Bank Loan Risks

Interest rates are low and many investors are worried about rising rates, which can hurt bond prices.  As always, Wall Street has rushed to the aid of investors by creating products to meet this need, just as they did with internet funds in the late 1990s and real estate funds during the bubble.

One of the ‘solutions’ that Wall Street has created to meet investor demand is something called a bank loan fund.  They’re not new, actually, but the Wall Street product machine has been churning them out in new flavors and formats to accommodate the demand.

Instead of buying bonds, which are essentially securitized loans made to governments, municipalities or corporations, bank loan funds invest in floating-rate bank loans taken on by corporations.  Because the loans are ‘floating-rate,’ there is really no term risk to speak of, so rising interest rates won’t have much of a negative impact, just like falling rates didn’t help out much in the past.

Even though there is no real term risk, the yields are still high; the SEC yield on the largest bank loan exchanged traded fund (ETF) is currently 4.32 percent.  Compared to the overall bond market SEC yield of 2.13 percent, that’s pretty good and compared to a portfolio of floating-rate Treasury bonds that yield 0.08 percent, it’s fantastic!

No term risk and a lot of yield, who wouldn’t do that?  Everybody knows that I love a free lunch (any lunch, actually), but unfortunately, bank loans are not a free lunch.

At the very least, I think that everyone knows that risk and return go hand in hand, so a high yield without one major risk factor usually means that there is another one standing in its place.  In this case, there are two!

When these were launched a few years ago, we took a look at them and then dismissed them out of hand almost immediately because the credit quality is so bad.  Remember, in bonds, there are two primary risk factors: term (the length of the loan) and credit (the risk of default).  The principal bank loan fund on the market today is solidly junk.


The chart shows that all but 5.8 percent of the fund is non-investment grade (also called ‘high yield’ in polite company and ‘junk’ among sailors), as indicated in orange.  About five percent of the fund is actually in default (D) or not rated (NR), which is usually a bad sign.

For comparison sake, I also show what a typical Acropolis portfolio looks like in credit quality – mostly AAA, thanks to our government exposure, and no junk whatsoever.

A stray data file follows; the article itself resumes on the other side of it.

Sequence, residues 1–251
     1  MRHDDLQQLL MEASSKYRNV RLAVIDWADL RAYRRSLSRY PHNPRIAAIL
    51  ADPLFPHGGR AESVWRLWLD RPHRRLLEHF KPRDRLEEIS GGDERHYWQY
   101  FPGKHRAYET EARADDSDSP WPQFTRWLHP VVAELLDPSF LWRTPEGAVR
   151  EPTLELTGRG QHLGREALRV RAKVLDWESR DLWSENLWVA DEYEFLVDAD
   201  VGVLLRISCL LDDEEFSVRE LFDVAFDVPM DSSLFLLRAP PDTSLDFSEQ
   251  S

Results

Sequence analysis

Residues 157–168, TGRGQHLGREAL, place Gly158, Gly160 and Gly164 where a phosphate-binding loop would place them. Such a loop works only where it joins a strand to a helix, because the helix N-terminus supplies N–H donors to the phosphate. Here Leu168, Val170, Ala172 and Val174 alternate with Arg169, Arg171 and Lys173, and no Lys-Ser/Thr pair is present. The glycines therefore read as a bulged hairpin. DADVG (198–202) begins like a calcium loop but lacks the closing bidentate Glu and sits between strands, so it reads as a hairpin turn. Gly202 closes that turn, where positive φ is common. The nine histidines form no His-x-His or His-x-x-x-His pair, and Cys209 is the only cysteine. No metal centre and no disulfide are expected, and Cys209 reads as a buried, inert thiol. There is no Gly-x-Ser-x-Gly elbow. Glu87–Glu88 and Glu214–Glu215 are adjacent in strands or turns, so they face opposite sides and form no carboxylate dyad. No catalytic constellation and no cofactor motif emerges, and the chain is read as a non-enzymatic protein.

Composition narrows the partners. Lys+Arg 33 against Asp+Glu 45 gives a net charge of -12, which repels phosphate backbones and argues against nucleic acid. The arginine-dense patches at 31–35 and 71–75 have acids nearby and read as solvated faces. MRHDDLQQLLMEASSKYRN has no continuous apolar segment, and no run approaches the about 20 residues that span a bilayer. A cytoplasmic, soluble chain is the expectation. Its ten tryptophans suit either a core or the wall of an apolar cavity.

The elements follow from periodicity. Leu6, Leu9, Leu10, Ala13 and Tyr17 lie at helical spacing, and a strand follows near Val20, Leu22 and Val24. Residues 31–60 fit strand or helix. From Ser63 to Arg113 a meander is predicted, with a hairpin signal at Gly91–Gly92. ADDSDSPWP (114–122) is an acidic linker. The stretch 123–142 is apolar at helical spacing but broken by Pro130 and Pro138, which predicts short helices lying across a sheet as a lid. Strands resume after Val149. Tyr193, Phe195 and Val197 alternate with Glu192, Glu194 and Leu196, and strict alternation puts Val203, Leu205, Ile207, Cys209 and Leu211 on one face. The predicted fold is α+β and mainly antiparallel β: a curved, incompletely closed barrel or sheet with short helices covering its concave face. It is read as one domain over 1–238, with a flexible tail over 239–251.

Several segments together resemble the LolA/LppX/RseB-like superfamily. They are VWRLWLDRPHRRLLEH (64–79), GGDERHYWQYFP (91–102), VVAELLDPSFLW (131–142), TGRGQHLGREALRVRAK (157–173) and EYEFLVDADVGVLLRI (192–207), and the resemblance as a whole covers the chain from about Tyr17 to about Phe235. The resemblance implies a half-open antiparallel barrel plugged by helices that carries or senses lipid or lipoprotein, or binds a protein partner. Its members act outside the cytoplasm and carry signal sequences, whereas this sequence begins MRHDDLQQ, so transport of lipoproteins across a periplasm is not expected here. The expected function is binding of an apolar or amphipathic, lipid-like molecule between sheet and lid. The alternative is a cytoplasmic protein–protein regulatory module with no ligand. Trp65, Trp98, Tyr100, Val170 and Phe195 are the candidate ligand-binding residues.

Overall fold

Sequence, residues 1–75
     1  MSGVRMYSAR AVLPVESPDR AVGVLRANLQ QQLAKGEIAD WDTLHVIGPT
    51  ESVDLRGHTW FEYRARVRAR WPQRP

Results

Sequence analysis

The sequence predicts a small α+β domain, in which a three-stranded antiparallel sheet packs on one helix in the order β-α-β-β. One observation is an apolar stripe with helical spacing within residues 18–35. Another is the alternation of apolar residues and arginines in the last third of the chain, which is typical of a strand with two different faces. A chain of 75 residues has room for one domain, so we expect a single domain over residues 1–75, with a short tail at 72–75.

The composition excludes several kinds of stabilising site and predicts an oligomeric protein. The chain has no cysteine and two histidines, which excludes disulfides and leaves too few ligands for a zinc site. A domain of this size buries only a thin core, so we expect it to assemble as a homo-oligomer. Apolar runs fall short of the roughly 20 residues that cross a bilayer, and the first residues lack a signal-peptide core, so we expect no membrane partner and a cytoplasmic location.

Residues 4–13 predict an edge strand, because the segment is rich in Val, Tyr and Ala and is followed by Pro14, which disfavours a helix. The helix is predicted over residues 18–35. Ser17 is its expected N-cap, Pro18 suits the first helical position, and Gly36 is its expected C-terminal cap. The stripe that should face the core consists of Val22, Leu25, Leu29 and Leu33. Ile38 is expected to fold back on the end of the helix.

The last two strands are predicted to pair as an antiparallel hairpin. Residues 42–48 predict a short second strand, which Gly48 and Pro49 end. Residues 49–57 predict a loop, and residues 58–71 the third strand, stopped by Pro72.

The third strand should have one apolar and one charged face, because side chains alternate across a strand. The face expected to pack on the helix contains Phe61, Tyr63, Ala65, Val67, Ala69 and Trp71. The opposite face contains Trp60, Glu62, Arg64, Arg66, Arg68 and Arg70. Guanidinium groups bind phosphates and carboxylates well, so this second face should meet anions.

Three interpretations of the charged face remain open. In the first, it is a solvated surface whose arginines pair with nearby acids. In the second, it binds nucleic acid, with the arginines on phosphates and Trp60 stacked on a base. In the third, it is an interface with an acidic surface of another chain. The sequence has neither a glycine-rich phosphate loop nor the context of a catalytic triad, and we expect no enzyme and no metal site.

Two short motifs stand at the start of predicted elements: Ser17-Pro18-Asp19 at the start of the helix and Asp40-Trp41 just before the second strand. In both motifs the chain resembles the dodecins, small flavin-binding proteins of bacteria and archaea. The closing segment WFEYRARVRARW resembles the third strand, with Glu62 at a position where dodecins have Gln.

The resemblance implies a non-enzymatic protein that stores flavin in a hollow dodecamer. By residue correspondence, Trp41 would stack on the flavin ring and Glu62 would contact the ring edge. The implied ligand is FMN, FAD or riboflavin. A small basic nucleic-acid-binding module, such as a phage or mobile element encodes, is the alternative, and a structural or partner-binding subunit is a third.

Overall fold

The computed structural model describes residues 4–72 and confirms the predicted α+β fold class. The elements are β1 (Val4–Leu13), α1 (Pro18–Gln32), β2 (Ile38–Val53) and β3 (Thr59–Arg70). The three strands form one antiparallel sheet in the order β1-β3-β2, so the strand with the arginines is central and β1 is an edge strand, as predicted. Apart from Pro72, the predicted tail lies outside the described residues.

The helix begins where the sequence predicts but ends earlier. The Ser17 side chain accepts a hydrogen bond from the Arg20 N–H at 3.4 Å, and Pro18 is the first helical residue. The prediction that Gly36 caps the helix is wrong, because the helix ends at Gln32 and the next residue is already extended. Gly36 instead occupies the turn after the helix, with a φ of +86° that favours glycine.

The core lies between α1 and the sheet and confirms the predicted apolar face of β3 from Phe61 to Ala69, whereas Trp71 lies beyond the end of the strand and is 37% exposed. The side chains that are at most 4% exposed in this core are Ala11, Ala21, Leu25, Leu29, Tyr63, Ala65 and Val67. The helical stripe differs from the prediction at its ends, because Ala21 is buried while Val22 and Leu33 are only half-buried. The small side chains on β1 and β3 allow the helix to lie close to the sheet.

You might ask, ‘shouldn’t we diversify across the credit spectrum?’  That’s a good question, but we don’t think so because it may diversify the bond exposure, but would actually reduce the diversification effects of the whole portfolio because junk bonds (and bank loans) are highly correlated with stocks.

Since the underlying index for the bank loan fund was created in 2001, the correlation to stocks is about 0.55.  If that number isn’t useful – think about it this way: in 2008, the index of bank loans fell -28.18 percent.  They lost badly just when you wanted the safety of bonds.

Aside from the credit quality (or lack thereof), there’s another problem with bank loans: they are inherently illiquid.  Bonds are already less liquid than stocks because they trade on what’s called a negotiated market, which means guys and gals on the phone talking to each other.  There is some computerization, but there is no exchange like the stock market.

Bond are less liquid than stocks, but bank loans are WAY less liquid than bonds.  You can think of the settlement process operating a little bit like the Pony Express.  OK, it’s not that bad, but it’s bad enough that just a little bit of asset flow out of the strategy can have very bad effects that are just starting to show up.

Of course, I don’t have a prediction for what will happen with bank loans from here, but I am so relieved knowing that clients don’t have them because when you want to sell and can’t get the market price, it’s very upsetting for everyone.

The whole situation is a good reminder of the truism: if something looks too good to be true, it probably is.